In particular, we do not accept that parents have the right to demand we teach that the Holocaust is a fraud, that the handicapped should be sterilized, that women are not really "persons" and can be considered property, that slavery of blacks is justified because they are inferior or that homosexuality is immoral—no matter what their own personal beliefs are on these issues.

Our country has laws and standards of human rights and it is the job of our public education system to teach and uphold those rights. Should a parent wish to take issue with any part of that code, they may do so, but as teachers our job is to open students’ minds to new ideas and encourage them to critically examine all opinions (including our own). Our job is also to protect and nurture ALL students—and this is where the right to label certain teachings "morally objectionable" really breaks down.

The issue that opponents of teaching acceptance of homosexuals carefully skirt is that they want us to support their right to tell their kids that there is something seriously wrong with other kids. Anyone who has worked with children and teenagers knows the pain that being different can cause. Already homosexual teens suffer the highest rates of suicide, drug abuse, and other risky behaviour because they struggle to deal with the agony of constant persecution. In no way can we ever be a part of condoning the cultural stigmas that daily lacerate the self-worth of these children. That would be morally objectionable!

Maureen Maier, Coquitlam

Where will it end?

Upon reading Steven C. Faraher-Amidon’s response to Murray Corran’s article, "A censor? Who, me?" I had to ask myself, Where will it end? Will teachers in this province rob our students of knowledge and the ability to think critically in order to appear politcally correct? Yes, parents are taxpayers. Faraher-Amidon and these taxpayers have a right to the finest education we can offer their children. By censoring ourselves, we become like the poor people in Afghanistan under the Taliban, afraid to open our mouths and speak the truth for fear of reprisals. Teachers need to cherish their autonomy. Long live freedom of speech. I applaud Corran for his stand.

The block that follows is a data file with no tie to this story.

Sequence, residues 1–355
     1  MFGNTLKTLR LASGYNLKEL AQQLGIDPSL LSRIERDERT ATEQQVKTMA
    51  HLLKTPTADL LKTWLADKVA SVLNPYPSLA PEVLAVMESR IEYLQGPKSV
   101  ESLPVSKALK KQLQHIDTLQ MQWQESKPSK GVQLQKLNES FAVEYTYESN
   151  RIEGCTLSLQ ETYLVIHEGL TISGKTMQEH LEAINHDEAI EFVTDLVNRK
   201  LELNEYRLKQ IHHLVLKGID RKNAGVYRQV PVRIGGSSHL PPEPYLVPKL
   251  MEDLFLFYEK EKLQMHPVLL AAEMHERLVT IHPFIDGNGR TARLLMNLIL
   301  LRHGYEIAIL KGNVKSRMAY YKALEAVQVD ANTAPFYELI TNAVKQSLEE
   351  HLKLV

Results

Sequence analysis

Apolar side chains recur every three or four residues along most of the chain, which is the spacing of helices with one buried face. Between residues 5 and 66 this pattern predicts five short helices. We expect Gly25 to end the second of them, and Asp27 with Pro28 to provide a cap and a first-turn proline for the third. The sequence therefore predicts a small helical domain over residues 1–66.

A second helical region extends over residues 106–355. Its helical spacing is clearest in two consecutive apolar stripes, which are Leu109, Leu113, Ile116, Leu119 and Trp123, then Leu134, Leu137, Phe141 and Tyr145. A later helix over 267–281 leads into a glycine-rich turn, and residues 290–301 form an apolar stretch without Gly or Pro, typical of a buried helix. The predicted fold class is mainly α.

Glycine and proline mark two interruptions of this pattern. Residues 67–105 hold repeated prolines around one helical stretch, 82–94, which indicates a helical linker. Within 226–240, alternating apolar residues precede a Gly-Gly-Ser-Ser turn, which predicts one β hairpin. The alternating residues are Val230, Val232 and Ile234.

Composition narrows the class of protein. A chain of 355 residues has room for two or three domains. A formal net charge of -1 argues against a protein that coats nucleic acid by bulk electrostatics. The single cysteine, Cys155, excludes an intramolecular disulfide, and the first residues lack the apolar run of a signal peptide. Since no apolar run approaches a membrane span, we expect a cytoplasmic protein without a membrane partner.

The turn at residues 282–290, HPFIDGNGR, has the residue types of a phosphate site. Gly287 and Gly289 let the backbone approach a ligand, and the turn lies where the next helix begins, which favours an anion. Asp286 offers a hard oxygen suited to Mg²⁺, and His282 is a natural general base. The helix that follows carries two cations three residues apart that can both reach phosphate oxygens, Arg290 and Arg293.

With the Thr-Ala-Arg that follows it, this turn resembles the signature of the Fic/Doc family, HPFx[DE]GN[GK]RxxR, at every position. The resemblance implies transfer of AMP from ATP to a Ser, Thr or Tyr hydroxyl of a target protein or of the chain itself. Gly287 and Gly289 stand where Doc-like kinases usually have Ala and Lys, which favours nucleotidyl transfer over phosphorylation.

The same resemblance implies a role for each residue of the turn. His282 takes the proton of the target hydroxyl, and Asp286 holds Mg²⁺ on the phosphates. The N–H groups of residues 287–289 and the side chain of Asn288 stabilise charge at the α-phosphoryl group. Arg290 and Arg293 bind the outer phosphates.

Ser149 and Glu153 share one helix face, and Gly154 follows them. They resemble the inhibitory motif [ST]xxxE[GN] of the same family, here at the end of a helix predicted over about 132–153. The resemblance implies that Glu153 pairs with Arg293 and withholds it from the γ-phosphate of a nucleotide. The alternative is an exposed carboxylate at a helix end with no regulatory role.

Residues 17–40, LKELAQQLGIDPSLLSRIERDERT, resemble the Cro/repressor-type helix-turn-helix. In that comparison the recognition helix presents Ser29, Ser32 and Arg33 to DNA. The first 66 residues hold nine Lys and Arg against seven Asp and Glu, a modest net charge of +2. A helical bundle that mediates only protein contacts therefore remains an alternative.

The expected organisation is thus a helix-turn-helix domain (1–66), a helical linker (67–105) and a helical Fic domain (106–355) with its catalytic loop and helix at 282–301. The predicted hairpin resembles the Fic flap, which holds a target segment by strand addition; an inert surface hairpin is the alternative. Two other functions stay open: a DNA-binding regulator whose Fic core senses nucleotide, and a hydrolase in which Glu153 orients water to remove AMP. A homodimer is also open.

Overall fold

Amber Harvey, Retired, Mayne Island

Thank you

On behalf of the Poplar Glade Elementary School teaching staff in Williams Lake, I would like to thank all those teachers throughout the province who donated so generously to us after a fire destroyed our school.

That generosity certainly helped diminish our sense of loss. It should be noted that the fire erupted during the lunch hour and schools should be prepared for such events. Fortunately, three weeks prior, we had a 9:00 a.m. fire drill (before the students were settled in, and before attendance was taken).

The evacuation was conducted as if it was just another drill, and that’s all it was thought to be, but within 10 minutes the school was engulfed in smoke. Firefighters, who had entered the school to see what the problem was, had to lay ladders on the floor to retreat as the linoleum suddenly began to buckle.

The evacuation was initiated by the custodian whose hours had recently been reduced. Had the fire started a couple of hours earlier, she wouldn’t have been there. Evacuating students over buckling floors and thick smoke would have been another story.

We were very fortunate that only "things" were lost. Thanks again.

Stuart Westie, staff rep, Poplar Glade Elementary School, Williams Lake